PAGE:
# What can the total stellar mass of galaxies tell us?

The total stellar mass of a galaxy cannot be measured directly. Astronomers can infer it from the galaxy spectrum by stellar population synthesis. However, since high-mass stars dominate the spectrum but contribute little to the total stellar mass, the inferred total stellar mass is sensitive to initial mass function (IMF) which is usually assumed a priori. One can also measure the total stellar mass by kinematics, but it is the total mass of stars, dark matter and gas enclosed that is measured in this way, and we still need some assumptions (say, on the dark matter profile) to obtain the total STELLAR mass. In a word, it's very difficult to measure the total stellar mass of a galaxy precisely.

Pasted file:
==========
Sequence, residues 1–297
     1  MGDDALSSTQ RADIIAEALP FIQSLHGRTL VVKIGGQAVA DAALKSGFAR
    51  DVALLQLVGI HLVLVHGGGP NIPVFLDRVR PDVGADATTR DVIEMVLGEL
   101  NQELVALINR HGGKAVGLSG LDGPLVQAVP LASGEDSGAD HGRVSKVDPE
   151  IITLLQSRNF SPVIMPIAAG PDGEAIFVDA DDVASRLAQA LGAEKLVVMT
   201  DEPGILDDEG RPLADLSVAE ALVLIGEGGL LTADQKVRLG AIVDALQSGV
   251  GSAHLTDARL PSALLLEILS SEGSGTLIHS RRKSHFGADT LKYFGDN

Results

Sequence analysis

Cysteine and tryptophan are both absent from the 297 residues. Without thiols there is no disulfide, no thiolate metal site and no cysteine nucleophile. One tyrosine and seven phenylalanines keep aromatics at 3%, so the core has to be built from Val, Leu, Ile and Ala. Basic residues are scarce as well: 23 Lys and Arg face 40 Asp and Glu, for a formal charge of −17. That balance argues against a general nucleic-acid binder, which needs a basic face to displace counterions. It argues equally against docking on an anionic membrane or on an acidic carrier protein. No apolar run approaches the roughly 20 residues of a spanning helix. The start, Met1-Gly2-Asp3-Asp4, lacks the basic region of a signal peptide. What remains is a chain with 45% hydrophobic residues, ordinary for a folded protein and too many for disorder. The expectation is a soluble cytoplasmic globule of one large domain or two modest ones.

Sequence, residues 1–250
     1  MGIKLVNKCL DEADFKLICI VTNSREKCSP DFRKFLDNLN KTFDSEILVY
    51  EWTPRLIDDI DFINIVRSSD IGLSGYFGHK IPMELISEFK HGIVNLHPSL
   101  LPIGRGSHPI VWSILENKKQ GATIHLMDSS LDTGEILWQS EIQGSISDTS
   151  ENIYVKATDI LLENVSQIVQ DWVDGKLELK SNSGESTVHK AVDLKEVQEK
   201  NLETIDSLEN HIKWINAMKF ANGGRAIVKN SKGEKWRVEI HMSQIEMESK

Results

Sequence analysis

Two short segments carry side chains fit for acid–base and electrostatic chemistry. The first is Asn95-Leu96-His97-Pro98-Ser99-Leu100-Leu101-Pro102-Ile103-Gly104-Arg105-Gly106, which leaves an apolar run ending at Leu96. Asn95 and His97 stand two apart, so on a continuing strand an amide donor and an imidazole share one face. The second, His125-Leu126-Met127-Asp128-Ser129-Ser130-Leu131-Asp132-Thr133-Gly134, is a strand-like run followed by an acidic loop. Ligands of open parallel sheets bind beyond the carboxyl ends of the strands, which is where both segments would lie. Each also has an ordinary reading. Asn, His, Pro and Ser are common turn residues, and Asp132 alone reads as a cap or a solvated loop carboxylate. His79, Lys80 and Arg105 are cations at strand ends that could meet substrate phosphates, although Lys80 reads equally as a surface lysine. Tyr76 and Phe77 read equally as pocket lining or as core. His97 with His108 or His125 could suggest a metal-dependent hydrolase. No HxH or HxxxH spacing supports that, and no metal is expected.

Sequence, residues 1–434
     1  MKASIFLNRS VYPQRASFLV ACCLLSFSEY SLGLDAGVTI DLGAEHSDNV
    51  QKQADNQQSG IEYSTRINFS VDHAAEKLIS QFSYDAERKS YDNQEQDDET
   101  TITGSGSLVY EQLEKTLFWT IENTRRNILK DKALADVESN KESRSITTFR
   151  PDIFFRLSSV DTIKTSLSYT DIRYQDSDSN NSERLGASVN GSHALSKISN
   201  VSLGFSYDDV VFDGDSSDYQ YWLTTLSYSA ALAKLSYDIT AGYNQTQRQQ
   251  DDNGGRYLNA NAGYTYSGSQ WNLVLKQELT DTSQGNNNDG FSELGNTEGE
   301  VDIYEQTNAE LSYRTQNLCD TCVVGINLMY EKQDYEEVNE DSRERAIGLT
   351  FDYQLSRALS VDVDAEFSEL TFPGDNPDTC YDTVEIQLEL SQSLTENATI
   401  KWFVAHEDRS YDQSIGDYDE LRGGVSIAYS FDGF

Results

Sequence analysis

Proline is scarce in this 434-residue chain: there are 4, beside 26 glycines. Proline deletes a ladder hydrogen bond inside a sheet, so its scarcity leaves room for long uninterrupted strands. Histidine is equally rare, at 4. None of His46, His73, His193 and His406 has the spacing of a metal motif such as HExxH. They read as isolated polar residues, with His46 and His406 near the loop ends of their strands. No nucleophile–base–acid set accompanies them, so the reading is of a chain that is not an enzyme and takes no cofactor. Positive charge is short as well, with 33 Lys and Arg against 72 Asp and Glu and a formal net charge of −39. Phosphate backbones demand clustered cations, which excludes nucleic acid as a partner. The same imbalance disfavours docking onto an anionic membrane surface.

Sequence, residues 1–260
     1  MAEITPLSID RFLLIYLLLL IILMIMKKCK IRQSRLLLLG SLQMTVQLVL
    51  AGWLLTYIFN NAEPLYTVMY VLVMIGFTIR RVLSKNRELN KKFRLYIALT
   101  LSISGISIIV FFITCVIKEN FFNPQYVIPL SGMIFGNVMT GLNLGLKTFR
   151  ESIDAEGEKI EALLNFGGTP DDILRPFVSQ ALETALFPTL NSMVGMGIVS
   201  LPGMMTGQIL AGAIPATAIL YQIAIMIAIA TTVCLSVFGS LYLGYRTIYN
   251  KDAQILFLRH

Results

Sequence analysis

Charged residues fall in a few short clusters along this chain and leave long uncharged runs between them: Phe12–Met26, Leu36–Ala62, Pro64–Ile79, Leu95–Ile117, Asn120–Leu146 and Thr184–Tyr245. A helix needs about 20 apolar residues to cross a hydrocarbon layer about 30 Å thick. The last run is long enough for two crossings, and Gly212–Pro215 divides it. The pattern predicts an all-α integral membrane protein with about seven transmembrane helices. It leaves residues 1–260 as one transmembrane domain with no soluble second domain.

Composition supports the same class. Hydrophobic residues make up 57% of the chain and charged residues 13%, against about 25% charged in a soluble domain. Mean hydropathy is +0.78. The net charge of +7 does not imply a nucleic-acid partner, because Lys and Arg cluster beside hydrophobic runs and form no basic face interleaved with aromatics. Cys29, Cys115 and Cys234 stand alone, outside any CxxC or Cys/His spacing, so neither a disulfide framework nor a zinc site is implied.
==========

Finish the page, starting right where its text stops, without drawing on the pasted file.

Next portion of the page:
So I wonder why people are still interested in this parameter. What can it tell us about the formation and evolution of galaxies?

It seems that what can be measured relatively more accurately is the properties of high-mass stars which are also the main sources of stellar feedback and metal enrichment. Why not just focus on these stars? What makes low-mass stars (or to be more concrete, their mass) important to the galaxy as a whole?